10. If someone interacts with you in any way, follow them.

This goes for favorites, retweets, and @mentions. If someone interacts with you they’ll almost always follow you back.

11. Be ready for what’s coming.

When you follow the steps above, you’ll get some good follows, some bad follows, some new friends, and some DM spammers. But either way, make sure you’re checking the app regularly so if someone sends you an honest message, question or inquiry you don’t miss it. Remember, Twitter is a fast moving machine.

12. Use CrowdFire’s free mobile app to prune your list.

Some unscrupulous characters will be quick to follow you, only to drop you immediately after you follow them back. Oh, it’s on, m****** f******s! I don’t do this and I recommend that you don’t either; Twitter is a community after all. One thing you can do to rid yourself of these people is use CrowdFire’s free version to cut up to 100 people per day who don’t follow you back. It’s not cruel. Remember, they did it to you first.

BONUS TIP: Friday is your friend!

If you employ these strategies and tips, but you miss a day here and there because you’re human make sure it’s not on a Friday. Follow Fridays (#FF #FollowFriday) is a day in which people are more likely to tweet out your handle if you interact with them. This will get you up to a 30% lift in additional followers that day over your daily average. However, make sure you share the love and tweet out some of your new followers as well.

The last thing I’ll say is that if you’re a B2B marketer like me make sure you have a plan that is driving all of these ideas and activities. Having the wrong keywords or interacting with the wrong companies might feel good at the time and generate some buzz, but if doesn’t serve a defined purpose you may very well be wasting your time.

 I would estimate that by the end of the forth day, Thursday of that week, I was averaging a new twitter interaction every 15-20 minutes using only the activity I described in the beginning. Not only did I increase my following by 263, I also achieved a percentage gain of 178% because I only started with 337 followers. Imagine the growth someone would achieve if they followed these steps but started with 500 followers, or ever 1000. If you liked this post, be sure to follow me on Twitter for more social, digital, and marketing information. See what I did there?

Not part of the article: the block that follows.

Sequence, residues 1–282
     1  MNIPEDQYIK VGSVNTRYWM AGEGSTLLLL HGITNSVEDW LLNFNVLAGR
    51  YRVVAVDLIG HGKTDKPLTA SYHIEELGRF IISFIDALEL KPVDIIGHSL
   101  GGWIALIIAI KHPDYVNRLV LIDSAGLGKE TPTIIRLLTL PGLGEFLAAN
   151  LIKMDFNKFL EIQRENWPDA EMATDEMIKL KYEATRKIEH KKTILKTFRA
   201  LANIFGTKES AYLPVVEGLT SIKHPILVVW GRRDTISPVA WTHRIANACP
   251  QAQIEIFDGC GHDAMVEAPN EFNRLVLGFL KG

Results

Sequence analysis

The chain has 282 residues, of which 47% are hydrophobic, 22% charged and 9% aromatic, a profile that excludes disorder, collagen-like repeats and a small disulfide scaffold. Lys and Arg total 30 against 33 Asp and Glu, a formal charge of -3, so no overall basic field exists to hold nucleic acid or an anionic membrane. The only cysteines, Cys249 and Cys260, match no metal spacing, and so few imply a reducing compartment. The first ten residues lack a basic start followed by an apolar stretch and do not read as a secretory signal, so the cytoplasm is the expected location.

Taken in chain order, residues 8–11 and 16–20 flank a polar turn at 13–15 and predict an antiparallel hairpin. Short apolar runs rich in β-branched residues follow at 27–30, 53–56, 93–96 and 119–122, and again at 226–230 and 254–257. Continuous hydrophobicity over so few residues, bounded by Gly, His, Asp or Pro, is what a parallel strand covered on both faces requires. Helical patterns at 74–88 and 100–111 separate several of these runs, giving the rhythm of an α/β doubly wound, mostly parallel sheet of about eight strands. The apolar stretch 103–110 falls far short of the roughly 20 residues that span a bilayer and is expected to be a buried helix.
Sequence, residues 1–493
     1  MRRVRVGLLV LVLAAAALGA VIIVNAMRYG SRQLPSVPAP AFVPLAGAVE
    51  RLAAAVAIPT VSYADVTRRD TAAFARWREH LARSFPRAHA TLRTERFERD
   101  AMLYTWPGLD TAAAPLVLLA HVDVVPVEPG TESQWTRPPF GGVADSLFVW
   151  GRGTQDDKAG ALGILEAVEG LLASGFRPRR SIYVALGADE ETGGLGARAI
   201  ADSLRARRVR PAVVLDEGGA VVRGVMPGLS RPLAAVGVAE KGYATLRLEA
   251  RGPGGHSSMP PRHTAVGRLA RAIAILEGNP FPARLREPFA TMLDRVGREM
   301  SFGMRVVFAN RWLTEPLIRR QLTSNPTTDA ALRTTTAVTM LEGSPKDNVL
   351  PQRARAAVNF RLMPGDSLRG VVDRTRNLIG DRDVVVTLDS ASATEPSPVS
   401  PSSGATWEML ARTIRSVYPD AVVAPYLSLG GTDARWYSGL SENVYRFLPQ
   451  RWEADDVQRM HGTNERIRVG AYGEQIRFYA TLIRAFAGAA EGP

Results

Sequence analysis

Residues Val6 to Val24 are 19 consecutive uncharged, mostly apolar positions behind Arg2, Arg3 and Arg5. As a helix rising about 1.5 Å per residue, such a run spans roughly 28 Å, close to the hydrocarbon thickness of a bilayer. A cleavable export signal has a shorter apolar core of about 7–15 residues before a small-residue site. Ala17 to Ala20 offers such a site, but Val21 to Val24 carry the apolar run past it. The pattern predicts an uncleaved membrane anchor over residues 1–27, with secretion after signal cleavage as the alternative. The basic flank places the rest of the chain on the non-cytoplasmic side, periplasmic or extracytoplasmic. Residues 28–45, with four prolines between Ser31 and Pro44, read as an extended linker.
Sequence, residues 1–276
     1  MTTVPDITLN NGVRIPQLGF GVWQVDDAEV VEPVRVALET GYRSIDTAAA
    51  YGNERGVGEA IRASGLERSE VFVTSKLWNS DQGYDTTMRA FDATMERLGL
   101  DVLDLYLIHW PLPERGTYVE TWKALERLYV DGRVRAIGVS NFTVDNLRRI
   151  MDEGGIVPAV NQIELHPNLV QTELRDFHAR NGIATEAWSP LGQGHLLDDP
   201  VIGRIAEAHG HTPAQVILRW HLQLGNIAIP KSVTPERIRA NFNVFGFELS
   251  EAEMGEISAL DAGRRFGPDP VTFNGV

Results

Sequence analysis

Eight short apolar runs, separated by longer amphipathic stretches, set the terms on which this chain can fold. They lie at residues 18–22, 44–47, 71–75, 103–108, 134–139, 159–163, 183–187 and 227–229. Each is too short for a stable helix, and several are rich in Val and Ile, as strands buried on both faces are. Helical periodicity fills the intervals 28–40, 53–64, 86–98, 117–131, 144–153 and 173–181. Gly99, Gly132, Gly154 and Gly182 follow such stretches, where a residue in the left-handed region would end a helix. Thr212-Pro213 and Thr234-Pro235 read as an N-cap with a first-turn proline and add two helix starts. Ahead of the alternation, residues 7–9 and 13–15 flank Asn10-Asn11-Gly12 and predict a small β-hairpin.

Jonathan Winkel (@DaWinks)

P.S. If you want to grow your audience (and who doesn’t?), get our eBook on how to “Get 663 Twiiter Followers in 14 Days”

Download Our eBook “Get 663 Twitter Followers in 14 Days”

Intro to Objective Marketing

Sometime in March of 2015 I was sitting at my desk in an absolutely manic state. Our sales and marketing team (which I was a big part of) had invested a good amount of time and energy in an outbound marketing effort that produced underwhelming results. We were in the midst of moving from an events and cold-calling strategy to an automated digital marketing machine and we were taking our lumps while climbing the learning curve. I couldn’t believe we were here again. We found ourselves asking questions like, “how and why is this happeneing?” and “what exactly is it that’s preventing this from being successful?”

Although we didn’t know it at the time we were completely devoid of the management framework we needed to ensure our activities were connected to top level results. Without this connectivity even our successful campaigns didn’t have the topline impact we believed it would. And we heard about it. Our biggest issue was raw lead generation and we were focused on building out a total framework. If only we had looked at our business as a whole we would have known to stay away from automated demos and email engagement and focus on targeted ads, blogging, white papers and other top-of-funnel resources.

As you can imagine, the full story is much longer but the stage was set.  I would soon embark on a journey to create the framework necessary to ensure that something like this would never happen to me or our team again.  And with that, the inspiration for Objective Marketing was born.

Objective Marketing, def.; an integrated marketing, sales and business development methodology that connects top level company goals like revenue with KPIs, activities and channels.  This ensures that projects and campaigns have the greatest impact on topline revenue and highest likelihood of helping the company achieve strategic objectives.

There is a propensity based on the annual business cycle to activate marketing when budgets open. While we know there is often little that can be done to alter this process it generally results in an elevated spend up front and the need to quickly take action.  This rush to maintain leaves little room for strategy and planning let alone an exercise to align marketing activating to overall business health or success.

Let’s look at each of phases in more detail to see how they fit and work together: